Teaching is more than learning facts and passing tests: it’s about preparing students for life. Sadly, so many teaching systems around the world find this difficult to acknowledge and place far too much emphasis on the former, creating very narrow ways in which achievement is assessed.
If you are a student who does not respond well to these methods of assessment, you will likely be told repeatedly that you’re not very clever, which would cause anyone to lack the motivation in trying to pass these assessments.
As a teacher, your job is partly to prepare students for such tests, but it’s also to instill in them an interest in learning. For that you need motivation, so here are seven ways to motivate your students.
One reason your students lack motivation might be that they don’t know what is expected of them. Anyone would struggle to pursue a goal if they didn’t know what it was. Provide your students with a clear breakdown of your goals, lesson by lesson and across the class, and show how they can be achieved.
Keep track of performance for each student throughout the class. This can be any set of points, from test scores to effort grades, even motivation itself. Then, let the students in on the process: let them see how their work has changed over the class. You don’t have to use this too harshly — students rarely respond well to over-testing — but it can be a good way of approaching students on their level.
Sometimes a lack of motivation is a manifestation of a lack of control. Those of us that work boring office jobs where you feel you have no agency in your own work struggle to motivate ourselves too: we like to see the impact of our work and know we have control over that impact. You can inject some agency into your students by allowing your students to vote on activities, or have some say in an aspect of the curriculum.
Don’t be too arrogant to admit you could be doing better. Some students simply will not respond to certain approaches, activities or styles of teaching, so it’s your job to try something new. Ask other teachers what they do, do some research into alternative teaching methods, maybe from places and cultures you’re not familiar with. Try something completely different from what you’re used to and see if it impacts the less motivated students.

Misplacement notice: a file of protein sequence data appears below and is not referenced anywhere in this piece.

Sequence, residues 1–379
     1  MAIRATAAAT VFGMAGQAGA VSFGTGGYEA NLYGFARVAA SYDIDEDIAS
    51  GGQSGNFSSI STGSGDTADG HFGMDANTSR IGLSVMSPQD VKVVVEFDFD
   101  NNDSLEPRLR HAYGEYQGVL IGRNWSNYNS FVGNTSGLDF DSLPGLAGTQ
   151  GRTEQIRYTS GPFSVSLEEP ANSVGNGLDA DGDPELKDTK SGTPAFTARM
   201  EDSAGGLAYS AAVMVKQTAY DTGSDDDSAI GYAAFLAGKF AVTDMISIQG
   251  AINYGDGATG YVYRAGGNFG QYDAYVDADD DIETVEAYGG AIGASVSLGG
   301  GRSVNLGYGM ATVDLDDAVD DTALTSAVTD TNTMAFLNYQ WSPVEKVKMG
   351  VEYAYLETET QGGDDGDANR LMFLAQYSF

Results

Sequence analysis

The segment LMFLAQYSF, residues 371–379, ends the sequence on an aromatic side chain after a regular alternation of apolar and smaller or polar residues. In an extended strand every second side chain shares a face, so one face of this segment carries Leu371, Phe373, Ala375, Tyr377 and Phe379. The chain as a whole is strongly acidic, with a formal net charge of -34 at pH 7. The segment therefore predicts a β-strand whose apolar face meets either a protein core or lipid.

Class outside is almost a cliché, but you’d be surprised how effective it can be. Both students and teachers can imbue a location with negative psychological associations after repeated bad experiences. For a student, their classroom might represent the place they can’t focus, where they get bad grades and negative feedback, and for teachers it can be the place they fail to do their job. Try and dislodge these bad associations. Change up the location by going on a field trip or moving to the library, or refresh the classroom environment with student art or information posters.
An unmotivated student might just be a student who’s afraid to speak up. Whether intentional or not, a teacher may be projecting an atmosphere where students are discouraged from getting things wrong. In reality, learning is all about mistakes and being able to correct them. Avoid shooting down students who try something out and focus on the benefit of trying rather than the consequences of getting things wrong.
All of the above tips are a lot easier to implement when you know and genuinely care about your students. If you’re reading this article you probably already do care: nurture that. Learn about your students’ strengths, weaknesses, interests and aspirations and you will be able to craft lessons that implement these, making your teaching much more engaging.
Author Bio: Katherine Rundell is a lifestyle writer at OX Essays service. She writes about teaching and student motivation.
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